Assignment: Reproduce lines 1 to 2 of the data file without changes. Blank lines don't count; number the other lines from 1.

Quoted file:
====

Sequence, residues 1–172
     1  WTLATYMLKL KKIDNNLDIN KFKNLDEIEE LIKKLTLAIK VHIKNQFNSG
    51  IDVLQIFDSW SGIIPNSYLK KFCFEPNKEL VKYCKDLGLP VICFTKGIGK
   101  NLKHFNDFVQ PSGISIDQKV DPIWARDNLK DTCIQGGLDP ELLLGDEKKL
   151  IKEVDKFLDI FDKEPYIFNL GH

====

Sequence, residues 1–172
     1  WTLATYMLKL KKIDNNLDIN KFKNLDEIEE LIKKLTLAIK VHIKNQFNSG